Thank you! I had a huge amount of fun writing it, and I hope readers enjoy it just as much. It takes place four months after the end of Murder Most Unladylike, during the Easter holidays – Daisy and Hazel are still pupils at Deepdean, but the action of the book takes place at Daisy’s big country mansion rather than at school. I love country house murder mysteries, and this was my go at writing one of my own. In Arsenic for Tea, you get to meet all of Daisy’s mad, aristocratic family members and get a better understanding of why she is the way she is. It’s a tough book for her, actually – when the murder happens, it doesn’t take long for the girls to realise that the killer might be one of Daisy’s relatives.

Hazel and Daisy’s friendship is just as strong as ever, but Hazel’s becoming more confident and there are changes for both of the girls and for the Detective Society. I want Arsenic for Tea to follow on from Murder Most Unladylike, and feel very similar to it – but nothing ever stays quite the same in life, and Daisy and Hazel aren’t quite the same as they were at the beginning of Murder Most Unladylike. I think that’s a good thing!

It definitely is, and I’m glad that Daisy and Hazel will continue to grow! In Spring 2015, the US edition of MURDER MOST UNLADYLIKE (titled MURDER IS BAD MANNERS) will debut. How has marketing the book for North American audiences differed from the books you’ve released in the UK, and what advice (if any) do you have for authors publishing in different countries?

It’s amazing that the book will finally be out in the US this year! I can’t wait. The marketing effort hasn’t quite kicked in for me yet, but I’m already noticing a practical difference – with the best will in the world I can’t connect with bookshops in the personal way I can in the UK. I can’t just walk in to my local Barnes & Noble and say hi! I am planning a short trip to the US towards the end of this year, though, and social media has been wonderful for making me feel part of what’s going on over there. I think being active on places like Twitter is really crucial for authors whose books are selling globally – through it I’ve heard from readers from Singapore, South Africa and America, which is an incredible experience.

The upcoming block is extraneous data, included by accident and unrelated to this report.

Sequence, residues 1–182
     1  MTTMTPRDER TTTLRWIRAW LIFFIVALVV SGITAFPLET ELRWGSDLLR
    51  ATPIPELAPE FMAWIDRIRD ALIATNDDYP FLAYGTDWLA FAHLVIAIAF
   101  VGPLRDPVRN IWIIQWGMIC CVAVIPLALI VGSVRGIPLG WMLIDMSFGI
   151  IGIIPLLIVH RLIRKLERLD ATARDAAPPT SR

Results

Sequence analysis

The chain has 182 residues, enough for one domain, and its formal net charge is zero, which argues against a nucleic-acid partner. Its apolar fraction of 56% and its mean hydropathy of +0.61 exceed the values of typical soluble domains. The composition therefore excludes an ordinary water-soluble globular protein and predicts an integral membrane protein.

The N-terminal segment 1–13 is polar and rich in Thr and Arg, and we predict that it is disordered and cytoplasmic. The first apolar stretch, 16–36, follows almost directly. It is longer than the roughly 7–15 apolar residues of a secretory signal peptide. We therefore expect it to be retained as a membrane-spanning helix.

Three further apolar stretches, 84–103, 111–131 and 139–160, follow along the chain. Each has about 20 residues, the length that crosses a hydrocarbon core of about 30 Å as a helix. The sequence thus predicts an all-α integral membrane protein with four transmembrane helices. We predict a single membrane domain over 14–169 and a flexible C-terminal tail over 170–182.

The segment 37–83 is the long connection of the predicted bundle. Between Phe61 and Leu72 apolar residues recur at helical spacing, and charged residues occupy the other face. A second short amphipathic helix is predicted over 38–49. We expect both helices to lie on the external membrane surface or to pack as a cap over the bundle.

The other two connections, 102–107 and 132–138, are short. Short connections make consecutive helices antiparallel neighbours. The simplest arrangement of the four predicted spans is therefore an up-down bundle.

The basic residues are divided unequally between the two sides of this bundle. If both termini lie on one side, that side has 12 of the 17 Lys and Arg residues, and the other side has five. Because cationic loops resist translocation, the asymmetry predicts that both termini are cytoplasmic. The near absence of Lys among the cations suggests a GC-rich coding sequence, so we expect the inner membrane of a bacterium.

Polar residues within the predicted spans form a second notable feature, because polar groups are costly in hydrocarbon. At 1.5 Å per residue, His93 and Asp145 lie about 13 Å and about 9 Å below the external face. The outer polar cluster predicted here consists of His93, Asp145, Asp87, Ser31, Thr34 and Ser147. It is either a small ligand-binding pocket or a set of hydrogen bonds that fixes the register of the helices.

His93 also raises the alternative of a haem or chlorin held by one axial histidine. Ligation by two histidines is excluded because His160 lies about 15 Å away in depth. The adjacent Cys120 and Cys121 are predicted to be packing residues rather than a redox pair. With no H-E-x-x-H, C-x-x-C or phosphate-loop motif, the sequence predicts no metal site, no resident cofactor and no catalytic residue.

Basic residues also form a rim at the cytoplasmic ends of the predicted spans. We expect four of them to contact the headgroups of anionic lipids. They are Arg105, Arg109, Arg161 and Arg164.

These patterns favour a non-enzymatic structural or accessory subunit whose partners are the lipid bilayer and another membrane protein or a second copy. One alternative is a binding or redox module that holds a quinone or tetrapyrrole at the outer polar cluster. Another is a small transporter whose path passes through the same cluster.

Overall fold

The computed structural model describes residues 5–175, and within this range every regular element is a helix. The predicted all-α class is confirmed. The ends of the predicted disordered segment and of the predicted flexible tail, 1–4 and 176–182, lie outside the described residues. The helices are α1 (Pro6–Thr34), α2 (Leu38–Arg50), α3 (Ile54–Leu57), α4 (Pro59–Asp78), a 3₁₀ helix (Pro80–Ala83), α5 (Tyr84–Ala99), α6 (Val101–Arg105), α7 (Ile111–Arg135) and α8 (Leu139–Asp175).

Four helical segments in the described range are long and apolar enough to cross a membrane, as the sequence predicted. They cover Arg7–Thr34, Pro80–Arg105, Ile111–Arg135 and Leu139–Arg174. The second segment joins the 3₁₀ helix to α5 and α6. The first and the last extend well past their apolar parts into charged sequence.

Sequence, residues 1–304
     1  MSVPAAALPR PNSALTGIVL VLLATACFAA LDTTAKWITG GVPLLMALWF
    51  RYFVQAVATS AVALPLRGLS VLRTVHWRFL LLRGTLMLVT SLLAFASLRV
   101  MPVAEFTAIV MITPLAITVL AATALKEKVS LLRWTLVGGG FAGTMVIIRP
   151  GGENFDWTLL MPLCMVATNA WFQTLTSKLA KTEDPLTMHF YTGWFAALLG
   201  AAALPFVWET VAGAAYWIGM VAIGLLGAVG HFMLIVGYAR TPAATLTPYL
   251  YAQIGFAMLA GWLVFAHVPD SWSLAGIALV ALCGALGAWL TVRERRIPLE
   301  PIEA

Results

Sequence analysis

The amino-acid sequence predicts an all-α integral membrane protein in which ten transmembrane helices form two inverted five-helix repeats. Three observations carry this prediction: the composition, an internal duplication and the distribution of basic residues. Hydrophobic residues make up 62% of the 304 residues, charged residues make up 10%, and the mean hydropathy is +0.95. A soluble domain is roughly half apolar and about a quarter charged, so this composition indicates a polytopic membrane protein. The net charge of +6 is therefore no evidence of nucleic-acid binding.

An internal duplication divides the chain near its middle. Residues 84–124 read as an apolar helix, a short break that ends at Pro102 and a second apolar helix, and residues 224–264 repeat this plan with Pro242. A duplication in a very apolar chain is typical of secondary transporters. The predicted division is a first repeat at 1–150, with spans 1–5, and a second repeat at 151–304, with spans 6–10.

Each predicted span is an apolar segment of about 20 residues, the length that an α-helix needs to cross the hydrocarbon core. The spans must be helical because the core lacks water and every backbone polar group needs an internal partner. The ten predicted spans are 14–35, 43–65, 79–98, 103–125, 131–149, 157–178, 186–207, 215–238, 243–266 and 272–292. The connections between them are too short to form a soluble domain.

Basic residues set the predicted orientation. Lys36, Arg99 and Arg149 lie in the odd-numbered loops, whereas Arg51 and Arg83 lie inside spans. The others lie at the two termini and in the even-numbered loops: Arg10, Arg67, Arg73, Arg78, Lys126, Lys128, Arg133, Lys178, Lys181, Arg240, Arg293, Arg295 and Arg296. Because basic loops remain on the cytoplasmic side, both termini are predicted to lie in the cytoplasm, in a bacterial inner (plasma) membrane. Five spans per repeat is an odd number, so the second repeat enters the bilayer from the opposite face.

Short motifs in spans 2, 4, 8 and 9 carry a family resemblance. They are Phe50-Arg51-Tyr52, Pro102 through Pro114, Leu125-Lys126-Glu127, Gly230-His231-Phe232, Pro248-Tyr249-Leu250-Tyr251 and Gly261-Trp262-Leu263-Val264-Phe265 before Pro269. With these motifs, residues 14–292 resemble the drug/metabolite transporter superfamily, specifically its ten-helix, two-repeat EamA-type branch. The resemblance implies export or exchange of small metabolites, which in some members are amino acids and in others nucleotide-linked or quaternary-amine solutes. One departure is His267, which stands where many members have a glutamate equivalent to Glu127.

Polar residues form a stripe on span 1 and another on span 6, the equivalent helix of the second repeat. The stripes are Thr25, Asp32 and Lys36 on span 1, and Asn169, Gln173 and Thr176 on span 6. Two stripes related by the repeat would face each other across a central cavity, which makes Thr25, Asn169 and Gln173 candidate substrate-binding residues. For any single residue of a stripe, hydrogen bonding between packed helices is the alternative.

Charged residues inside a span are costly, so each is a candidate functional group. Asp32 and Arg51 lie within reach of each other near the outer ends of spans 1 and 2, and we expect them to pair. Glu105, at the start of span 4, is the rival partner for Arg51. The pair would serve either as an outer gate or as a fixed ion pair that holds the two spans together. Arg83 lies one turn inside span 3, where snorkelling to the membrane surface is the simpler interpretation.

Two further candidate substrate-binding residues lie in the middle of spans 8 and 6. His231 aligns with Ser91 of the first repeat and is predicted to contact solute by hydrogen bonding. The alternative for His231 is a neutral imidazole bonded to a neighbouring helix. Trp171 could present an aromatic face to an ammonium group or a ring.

I’ll bet it is–and I’m sure word will spread fast. What are some of your current projects?

At the moment I’m deep into edits for Daisy and Hazel’s third adventure, First Class Murder. It’s set on the Orient Express, and it’s coming out in July this year, just less than 200 days away (I know this daunting fact from checking on I need to really focus on finishing it!

Promoting the first two books (by doing events, workshops and school visits and writing blog posts and interviews like this!) also takes up a lot of my time. I love doing it, but it’s something you just don’t realise before you get published – how much time you’ll spend not writing your books. Oh, and I’ve also got a full-time job: I work as an assistant editor at a children’s publisher (not the one who publishes my books). Luckily, I like being busy.

Thank you, Robin, for such great answers! We appreciate you sharing your knowledge and experience with us!

To pre-order MURDER IS BAD MANNERS, click on the link below:


And to read the UK versions that are already out, click these!